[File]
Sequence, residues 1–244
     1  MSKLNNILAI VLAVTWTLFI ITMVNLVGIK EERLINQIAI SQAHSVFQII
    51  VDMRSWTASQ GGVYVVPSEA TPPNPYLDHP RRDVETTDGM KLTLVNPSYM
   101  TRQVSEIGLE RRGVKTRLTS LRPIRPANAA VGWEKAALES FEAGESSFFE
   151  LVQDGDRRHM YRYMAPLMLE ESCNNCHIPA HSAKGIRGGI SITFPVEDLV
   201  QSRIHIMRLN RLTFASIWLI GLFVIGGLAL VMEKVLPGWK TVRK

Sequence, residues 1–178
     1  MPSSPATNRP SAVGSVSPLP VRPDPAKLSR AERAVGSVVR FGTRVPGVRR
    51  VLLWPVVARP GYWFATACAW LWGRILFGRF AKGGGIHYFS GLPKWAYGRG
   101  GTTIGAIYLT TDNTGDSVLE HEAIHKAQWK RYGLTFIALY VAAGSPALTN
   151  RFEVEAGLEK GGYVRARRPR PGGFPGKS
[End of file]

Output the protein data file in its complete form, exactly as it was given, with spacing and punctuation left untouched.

Sequence, residues 1–244
     1  MSKLNNILAI VLAVTWTLFI ITMVNLVGIK EERLINQIAI SQAHSVFQII
    51  VDMRSWTASQ GGVYVVPSEA TPPNPYLDHP RRDVETTDGM KLTLVNPSYM
   101  TRQVSEIGLE RRGVKTRLTS LRPIRPANAA VGWEKAALES FEAGESSFFE
   151  LVQDGDRRHM YRYMAPLMLE ESCNNCHIPA HSAKGIRGGI SITFPVEDLV
   201  QSRIHIMRLN RLTFASIWLI GLFVIGGLAL VMEKVLPGWK TVRK

Sequence, residues 1–178
     1  MPSSPATNRP SAVGSVSPLP VRPDPAKLSR AERAVGSVVR FGTRVPGVRR
    51  VLLWPVVARP GYWFATACAW LWGRILFGRF AKGGGIHYFS GLPKWAYGRG
   101  GTTIGAIYLT TDNTGDSVLE HEAIHKAQWK RYGLTFIALY VAAGSPALTN
   151  RFEVEAGLEK GGYVRARRPR PGGFPGKS